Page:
Ashamed of his appearance, Mataoroa asked his father-in-law to teach him the art of ta moko. Impressed with his commitment, Niwareka later forgave her husband, and they both returned to the world above, with Mataoroa taking with him the knowledge of ta moko. 

Image by michelle lagatule from Pixabay

Ta moko is a core component of the Maori culture and an outward expression of commitment and respect. It is customary for men to wear moko on their faces, buttocks, thighs and arms. The women usually wear ta moko on the chin and lips.

For the Maori people, ta moko was a rite of passage, which meant it was highly revered and ritualised. The actual tattooing would usually begin  during adolescence.

Having a Maori tattoo applied was a very painful experience. Deep cuts were incised into the skin. Then, the chisel was dipped into the pigment and tapped into the cuts. Another variation on this process involved dipping the chisel into the jar of pigment and inserting it into the skin by striking the end with a mallet. This manner of tattooing leaves the skin with grooves after healing, instead of the usual smooth surface left after needlepoint tattoos. Understandably, this was once a very long and labour intensive process. As  it was very painful, only a few parts of the body were tattooed at a time to allow healing.

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The great thing about the ta moko is that no two tattoos are alike. The practice of ta moko is a tapu (sacred) ritual. The design of each moko is unique to the wearer and conveys information about the wearer, such as their genealogy, affilliations, status and achievements.

Ta moko was traditionally performed using chisels made from materials such as Albatross bone. An assortment of chisels was used, some with a straight edge, others with a serrated edge. However, today most are performed using modern tattoo machines (and therefore leave the skin smooth). The inks that were used were made from all natural products. Burnt wood was used to create black pigments; while lighter pigments were derived from caterpillars infected with a certain type of fungus, or from burnt kauri gum mixed with animal fat. The pigments were then stored in ornate containers called oko, which became family heirlooms. The oko were often buried when not in use.

The black pigment that was made from burnt wood was reserved solely for facial tattoos; while those made from bugs or burnt gum was used for outlines and other less revered tattoos. Before the beginning the tohunga ta moko would study the persons facial structure to decide on the most appealing design.

All Maori design is made up of a number of essential design elements. Manawa Lines are the skin looking lines in the tattoo. Manawa is the Maori word for “heart” and represents your life, your journey and your time spent on earth. The main Korus coming off the Manawa Lines are used represent people and people groups. Korus are based off the tiny new growth shoots on the New Zealand Fern plant and represent new life and new beginnings. When you add a korus in your Manawa line, you can also be adding the important people in your life journey such as mothers, fathers, grandparents, children, siblings , friends and so on.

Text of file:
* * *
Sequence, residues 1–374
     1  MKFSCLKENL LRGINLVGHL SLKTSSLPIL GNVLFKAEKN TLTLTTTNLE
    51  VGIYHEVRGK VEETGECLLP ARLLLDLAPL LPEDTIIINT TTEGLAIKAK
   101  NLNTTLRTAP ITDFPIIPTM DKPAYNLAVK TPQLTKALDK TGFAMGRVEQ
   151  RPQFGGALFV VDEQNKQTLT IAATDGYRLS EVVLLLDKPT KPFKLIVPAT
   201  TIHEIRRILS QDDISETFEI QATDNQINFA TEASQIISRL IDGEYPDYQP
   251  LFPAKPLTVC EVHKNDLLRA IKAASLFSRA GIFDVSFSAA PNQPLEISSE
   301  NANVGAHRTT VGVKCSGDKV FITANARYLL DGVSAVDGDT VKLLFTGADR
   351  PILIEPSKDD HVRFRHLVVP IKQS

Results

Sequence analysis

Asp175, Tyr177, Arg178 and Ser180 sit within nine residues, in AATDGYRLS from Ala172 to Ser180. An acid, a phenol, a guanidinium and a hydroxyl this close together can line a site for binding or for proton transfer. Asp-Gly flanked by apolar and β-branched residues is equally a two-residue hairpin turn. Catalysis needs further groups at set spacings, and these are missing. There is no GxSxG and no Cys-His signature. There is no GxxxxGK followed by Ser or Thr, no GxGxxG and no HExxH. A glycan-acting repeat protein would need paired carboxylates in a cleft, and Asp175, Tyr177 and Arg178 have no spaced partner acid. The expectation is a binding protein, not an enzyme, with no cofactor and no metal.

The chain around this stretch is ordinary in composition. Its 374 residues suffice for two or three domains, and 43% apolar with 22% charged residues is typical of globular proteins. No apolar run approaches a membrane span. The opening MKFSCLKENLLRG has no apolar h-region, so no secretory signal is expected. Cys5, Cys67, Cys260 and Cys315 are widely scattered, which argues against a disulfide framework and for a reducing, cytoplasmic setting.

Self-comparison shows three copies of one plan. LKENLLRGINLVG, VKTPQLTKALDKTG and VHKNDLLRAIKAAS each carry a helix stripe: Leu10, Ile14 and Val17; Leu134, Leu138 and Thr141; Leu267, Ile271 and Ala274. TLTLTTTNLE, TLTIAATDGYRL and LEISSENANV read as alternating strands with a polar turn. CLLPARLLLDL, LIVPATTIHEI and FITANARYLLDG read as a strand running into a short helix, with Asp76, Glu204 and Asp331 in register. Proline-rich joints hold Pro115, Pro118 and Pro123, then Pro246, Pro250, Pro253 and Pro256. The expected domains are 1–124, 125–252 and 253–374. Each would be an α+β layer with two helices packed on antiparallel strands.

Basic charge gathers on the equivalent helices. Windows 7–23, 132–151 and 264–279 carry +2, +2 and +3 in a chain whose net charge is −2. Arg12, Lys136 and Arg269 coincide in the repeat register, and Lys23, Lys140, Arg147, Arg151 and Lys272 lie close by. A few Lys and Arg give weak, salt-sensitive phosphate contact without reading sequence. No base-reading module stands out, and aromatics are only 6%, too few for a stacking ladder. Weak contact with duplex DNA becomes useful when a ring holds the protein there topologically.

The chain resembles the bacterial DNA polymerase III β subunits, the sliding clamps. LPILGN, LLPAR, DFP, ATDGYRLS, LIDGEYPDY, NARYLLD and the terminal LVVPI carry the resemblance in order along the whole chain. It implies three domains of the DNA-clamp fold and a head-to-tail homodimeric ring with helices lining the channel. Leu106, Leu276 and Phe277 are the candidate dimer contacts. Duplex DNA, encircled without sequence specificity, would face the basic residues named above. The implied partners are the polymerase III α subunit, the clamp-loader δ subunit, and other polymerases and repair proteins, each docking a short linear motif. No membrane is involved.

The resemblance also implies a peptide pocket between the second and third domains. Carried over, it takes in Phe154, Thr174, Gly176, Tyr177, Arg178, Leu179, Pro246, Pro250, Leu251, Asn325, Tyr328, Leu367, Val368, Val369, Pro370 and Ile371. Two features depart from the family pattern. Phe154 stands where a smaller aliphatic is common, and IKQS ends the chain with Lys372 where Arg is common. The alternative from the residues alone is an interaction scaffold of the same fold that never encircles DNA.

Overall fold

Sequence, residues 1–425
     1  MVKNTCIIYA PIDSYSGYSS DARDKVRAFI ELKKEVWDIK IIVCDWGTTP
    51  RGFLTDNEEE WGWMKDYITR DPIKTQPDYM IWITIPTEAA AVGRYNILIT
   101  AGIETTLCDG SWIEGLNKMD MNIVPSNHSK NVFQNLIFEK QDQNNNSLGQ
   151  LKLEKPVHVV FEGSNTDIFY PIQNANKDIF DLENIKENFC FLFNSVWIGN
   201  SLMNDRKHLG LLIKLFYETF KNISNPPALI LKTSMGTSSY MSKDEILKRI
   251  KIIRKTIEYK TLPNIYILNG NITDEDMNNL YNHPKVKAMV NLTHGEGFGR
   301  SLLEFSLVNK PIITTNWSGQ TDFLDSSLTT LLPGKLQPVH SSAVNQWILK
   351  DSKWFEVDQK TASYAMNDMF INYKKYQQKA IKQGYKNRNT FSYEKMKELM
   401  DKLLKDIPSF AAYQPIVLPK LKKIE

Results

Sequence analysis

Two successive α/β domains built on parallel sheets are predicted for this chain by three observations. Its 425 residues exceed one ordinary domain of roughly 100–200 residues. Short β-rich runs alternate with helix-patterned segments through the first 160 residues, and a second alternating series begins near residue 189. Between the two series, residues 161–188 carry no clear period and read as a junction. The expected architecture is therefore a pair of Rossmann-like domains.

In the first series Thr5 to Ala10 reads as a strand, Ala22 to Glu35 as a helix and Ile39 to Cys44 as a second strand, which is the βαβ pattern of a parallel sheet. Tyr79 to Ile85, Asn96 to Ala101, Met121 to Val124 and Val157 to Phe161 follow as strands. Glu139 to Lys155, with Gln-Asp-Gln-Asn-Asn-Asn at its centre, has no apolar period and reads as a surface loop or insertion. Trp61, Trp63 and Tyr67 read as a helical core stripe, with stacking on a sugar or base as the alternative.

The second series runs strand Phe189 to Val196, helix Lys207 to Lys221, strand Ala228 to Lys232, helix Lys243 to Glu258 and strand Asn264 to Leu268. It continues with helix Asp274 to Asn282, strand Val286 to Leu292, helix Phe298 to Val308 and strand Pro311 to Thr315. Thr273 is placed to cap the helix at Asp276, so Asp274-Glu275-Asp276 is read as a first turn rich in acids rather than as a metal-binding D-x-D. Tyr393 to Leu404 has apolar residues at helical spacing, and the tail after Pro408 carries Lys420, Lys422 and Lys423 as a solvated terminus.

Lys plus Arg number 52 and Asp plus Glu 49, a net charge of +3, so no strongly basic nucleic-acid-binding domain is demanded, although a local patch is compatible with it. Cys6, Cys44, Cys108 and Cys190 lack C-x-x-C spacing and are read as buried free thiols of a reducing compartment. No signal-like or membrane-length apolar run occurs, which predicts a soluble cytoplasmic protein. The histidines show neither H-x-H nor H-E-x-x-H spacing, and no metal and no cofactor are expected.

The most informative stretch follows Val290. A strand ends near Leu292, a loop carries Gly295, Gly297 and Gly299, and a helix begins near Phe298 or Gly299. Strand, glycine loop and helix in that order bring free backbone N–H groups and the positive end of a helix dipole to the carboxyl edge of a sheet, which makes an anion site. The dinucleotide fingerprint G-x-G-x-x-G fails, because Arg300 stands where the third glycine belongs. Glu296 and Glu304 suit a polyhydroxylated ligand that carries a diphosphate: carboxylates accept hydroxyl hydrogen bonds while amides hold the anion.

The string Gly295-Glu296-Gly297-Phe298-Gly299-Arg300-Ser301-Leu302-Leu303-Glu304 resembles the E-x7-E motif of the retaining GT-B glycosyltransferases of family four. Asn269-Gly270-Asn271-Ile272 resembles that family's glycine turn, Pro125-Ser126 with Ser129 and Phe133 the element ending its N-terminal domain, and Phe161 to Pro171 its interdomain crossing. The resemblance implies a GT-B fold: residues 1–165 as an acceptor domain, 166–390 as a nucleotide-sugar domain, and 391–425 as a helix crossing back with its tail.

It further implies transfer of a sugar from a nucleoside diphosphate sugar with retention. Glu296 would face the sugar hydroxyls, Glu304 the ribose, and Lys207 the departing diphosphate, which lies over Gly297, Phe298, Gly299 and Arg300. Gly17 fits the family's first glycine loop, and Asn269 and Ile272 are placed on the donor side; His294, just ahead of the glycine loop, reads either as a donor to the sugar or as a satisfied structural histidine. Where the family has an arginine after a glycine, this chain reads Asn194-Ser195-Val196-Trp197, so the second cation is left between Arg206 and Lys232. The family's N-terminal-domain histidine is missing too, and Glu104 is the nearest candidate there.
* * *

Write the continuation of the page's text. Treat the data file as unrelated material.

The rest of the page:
As the Maori people consider the head to be the most sacred part of the body, the most popular kind of ta moko was the facial tattoo, which was composed of curved shapes and spiral like patterns. Often this tattoo covered the whole face and was a symbol of rank, social status, power and prestige.

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Due to the sacred nature of ta moko, those who were undergoing the process, and those involved in the process, could not eat with their hands or talk to anyone aside from the other people being tattooed. Those who were receiving tattoos made it a point to not cry out in pain, because to do so was a sign of weakness. Being able to withstand the pain was very important in terms of pride.
There were other rules and regulations around being tattooed, particularly while undergoing a facial work. Many had to abstain from sexual intimacy while undergoing the rite, and had to avoid all solid foods. In order to meet these requirements, the person who recently got a facial tattoo had to be fed from a wooden funnel to prevent foodstuffs from contaminating the swollen skin. A person would be fed in this manner until the facial wounds had fully healed.
Because the face was often bleeding and very swollen, the leaves of the karaka tree were often used as a balm that was applied after the session had finished, to hasten the healing process. The tattooing was often accompanied by music, singing and chanting to help soothe the pain.

The focal point of Maori tattooing was generally the face. Men had full facial tattoos, while women only had their chin, lips and nostrils tattooed. Some Maori also had other parts of the body tattooed, such as their back and legs. Women were more often known to tattoo their arms, neck and thighs.

For men, their face tattoo showed their accomplishments, status, position, ancestry and marital status. It is considered highly insulting to be unable to recognise a person’s power and position by his moko.

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The male facial moko or tattoo is generally divided into different sections of the face: the ngakaipikirau (the centre of the forehead) designated a person’s general rank, ngunga (the area under the brows) designated his position, uirere (the area around his eyes and nose) designated his hapu, or sub-tribe rank, the uma (the area around the temples) served to detail his marital status, raurau (the area under the nose) displayed the man’s signature that was once memorised by tribal chiefs who used it when buying property, signing deeds and officiating orders, taiohou (the cheek area) showed the nature of the person’s work, wairua (the chin area) showed the person’s mana or prestige, and the taitoto (the jaw area) designated a person’s birth status

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It can also be noted that a person’s ancestry is indicated on each side of the face. The left side is generally the father’s side and the right side the mother’s. A noble or note-worthy descent was a primary requirement before a moko was undertaken as, if one side of a person’s ancestry was not of rank, the corresponding side of the face would not have any design tattooed on it. And if the person undertaking the moko has no rank, or is not heir to anything of note then the centre of the forehead would be left without design.